JM: That’s absolutely correct. And it’s difficult to know these things in everyday life as well. Whenever there’s a one-down relationship, or when there’s not complete equality, this ambiguity arises. We wonder, why am I being overly nice? How many wives know whether they’re being nice to their husbands out of affection, or because they need companionship?
If we can’t know in intimate relationships, how can we know with a total stranger? Remember: a therapist is always a stranger to a client, no matter how well the client claims to know the therapist.
A Jewish woman I was very close to had spent her childhood in the Warsaw ghetto when Hitler was in power. It was very important to her that her analyst be Jewish. He refused to tell her. The man she saw had a Jewish-sounding name; it turned out not to be Jewish but German. He had no historical grasp of the terrible objective realities she had had to grapple with as a young Jewish girl. He insisted that her memories were distorted by paranoia and “internal aggression.”
TB: Your point is that therapists need to have a very broad and deep grasp of the objective sources of human suffering in political and social injustice.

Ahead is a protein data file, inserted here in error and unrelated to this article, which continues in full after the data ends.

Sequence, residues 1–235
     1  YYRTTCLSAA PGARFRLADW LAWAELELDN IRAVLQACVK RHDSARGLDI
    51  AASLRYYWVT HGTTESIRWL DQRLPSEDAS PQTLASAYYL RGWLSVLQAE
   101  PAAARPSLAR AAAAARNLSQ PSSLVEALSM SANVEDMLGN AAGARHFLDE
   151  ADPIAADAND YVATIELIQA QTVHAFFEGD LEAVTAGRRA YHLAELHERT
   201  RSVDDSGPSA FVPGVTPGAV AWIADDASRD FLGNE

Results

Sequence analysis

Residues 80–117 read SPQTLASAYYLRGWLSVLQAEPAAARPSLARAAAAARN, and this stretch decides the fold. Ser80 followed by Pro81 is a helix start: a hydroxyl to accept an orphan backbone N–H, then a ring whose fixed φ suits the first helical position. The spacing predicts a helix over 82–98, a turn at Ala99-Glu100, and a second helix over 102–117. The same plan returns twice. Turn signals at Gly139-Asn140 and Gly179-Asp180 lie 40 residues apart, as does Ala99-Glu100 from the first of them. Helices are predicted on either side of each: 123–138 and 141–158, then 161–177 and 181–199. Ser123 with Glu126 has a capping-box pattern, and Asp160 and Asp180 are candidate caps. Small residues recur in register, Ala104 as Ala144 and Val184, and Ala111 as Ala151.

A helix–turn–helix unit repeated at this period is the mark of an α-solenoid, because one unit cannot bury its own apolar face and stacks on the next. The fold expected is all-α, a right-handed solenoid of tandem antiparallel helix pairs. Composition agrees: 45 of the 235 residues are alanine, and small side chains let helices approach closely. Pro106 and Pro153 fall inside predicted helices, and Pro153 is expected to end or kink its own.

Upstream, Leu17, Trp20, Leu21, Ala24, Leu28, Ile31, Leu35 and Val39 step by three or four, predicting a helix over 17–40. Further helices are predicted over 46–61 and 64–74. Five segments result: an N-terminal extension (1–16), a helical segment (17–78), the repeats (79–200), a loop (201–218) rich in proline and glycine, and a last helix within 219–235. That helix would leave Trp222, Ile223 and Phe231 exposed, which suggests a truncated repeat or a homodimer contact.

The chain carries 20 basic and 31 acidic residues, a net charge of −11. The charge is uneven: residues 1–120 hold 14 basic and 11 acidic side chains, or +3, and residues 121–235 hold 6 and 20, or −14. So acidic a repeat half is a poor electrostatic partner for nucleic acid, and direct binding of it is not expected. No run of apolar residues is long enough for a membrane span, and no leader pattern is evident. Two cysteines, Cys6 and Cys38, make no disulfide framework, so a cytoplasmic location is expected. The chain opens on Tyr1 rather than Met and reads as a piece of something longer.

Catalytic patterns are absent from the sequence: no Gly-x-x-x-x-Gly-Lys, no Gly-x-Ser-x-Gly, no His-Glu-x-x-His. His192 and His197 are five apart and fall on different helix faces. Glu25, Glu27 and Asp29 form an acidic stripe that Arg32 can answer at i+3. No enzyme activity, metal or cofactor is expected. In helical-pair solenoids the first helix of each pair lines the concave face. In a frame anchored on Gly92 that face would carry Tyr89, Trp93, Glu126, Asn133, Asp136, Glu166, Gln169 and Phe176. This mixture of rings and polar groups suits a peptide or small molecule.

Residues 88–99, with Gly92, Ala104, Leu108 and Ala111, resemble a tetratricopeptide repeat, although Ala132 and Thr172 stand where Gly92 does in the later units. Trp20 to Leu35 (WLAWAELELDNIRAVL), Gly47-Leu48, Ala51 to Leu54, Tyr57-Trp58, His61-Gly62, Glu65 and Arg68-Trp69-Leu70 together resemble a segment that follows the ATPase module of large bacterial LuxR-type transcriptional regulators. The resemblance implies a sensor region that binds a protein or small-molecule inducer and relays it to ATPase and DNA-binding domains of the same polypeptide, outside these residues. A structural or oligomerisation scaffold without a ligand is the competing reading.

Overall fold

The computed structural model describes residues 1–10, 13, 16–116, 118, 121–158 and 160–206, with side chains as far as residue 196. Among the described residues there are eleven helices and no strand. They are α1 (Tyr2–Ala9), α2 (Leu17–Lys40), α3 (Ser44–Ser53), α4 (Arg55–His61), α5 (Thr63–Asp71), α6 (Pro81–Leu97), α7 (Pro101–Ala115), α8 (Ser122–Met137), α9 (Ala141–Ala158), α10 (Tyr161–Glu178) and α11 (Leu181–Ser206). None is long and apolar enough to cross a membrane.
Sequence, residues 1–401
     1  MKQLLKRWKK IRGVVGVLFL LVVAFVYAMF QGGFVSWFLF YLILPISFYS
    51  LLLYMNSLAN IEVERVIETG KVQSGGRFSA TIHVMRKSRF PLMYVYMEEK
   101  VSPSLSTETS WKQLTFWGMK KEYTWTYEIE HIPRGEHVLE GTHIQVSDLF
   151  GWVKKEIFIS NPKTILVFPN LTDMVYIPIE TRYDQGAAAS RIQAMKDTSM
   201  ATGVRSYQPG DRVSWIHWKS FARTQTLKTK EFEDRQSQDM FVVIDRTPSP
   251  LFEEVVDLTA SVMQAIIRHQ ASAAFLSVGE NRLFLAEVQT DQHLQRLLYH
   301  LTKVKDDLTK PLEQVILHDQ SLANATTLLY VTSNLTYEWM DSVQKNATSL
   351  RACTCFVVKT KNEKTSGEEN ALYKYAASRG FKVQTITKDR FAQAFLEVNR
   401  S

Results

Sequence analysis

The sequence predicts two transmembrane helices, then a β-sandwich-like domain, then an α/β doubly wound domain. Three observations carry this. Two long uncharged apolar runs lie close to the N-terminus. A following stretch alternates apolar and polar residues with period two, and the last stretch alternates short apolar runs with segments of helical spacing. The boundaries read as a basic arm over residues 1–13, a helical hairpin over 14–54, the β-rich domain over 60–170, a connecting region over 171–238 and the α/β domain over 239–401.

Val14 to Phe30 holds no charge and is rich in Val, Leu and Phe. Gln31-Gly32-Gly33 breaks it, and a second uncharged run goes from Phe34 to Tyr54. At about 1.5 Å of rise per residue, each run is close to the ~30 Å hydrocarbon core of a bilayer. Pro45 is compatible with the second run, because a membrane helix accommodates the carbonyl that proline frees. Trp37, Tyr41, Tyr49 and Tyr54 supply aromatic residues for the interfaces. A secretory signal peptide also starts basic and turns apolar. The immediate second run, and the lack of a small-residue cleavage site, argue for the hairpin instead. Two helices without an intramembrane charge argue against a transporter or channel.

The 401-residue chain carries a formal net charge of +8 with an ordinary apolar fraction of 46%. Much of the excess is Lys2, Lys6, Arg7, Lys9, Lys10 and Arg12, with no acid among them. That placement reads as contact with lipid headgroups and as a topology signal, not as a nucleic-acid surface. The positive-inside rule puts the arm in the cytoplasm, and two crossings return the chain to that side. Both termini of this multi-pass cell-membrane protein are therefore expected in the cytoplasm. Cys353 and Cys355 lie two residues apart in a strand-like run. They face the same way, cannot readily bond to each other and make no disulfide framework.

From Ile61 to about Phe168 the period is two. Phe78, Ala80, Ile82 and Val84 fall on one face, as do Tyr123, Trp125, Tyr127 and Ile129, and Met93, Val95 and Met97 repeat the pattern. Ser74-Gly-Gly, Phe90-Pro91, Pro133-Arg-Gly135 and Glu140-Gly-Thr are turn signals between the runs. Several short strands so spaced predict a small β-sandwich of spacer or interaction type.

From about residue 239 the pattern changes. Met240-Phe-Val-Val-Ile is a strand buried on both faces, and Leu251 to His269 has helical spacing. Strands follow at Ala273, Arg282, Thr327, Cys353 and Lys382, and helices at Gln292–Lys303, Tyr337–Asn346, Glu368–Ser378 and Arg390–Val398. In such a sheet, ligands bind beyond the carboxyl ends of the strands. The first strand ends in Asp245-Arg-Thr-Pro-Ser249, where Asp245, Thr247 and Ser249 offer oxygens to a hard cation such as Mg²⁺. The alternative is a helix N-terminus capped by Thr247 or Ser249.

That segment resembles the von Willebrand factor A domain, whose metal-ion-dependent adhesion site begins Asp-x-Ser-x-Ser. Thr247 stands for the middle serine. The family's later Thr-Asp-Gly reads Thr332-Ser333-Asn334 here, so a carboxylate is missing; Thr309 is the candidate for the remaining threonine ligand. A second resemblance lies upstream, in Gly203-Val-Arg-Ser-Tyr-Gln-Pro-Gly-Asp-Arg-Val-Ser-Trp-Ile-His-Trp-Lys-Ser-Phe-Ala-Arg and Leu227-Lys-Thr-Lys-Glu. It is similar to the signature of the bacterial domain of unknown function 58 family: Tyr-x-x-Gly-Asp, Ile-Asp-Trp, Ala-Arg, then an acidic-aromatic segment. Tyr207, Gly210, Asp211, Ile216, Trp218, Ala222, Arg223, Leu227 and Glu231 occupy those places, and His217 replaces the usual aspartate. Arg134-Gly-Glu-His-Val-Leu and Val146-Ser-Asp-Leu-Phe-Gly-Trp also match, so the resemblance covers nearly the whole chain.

JM: And they don’t! And moreover a lot of them simply aren’t interested. They think they can take the psyche and isolate it from history and society. You can’t.
Take a white middle-class therapist who sees a black guy from the ghetto. Why would we suppose such a therapist could understand him? It took me a long time to admit there are lots of people I can’t understand. I can be sympathetic, friendly, etc, but I can’t really understand his experience. I can’t set myself up as someone who can help him deal with his experience. How can I help him deal with it? I don’t know what “it” is. It’s pure arrogance.
TB: And the arrogance lies in arrogating a kind of knowledge or authority about human suffering that you don’t really have.
JM: And can’t have. I’ve made this argument to older analysts and gotten the following reply: “You don’t have to have a heart attack to be a good cardiologist.” But the human body is always more or less the same. Human experience is vastly different. A black man’s body and my body are more or less identical. Therapy is about experience, which is not identical.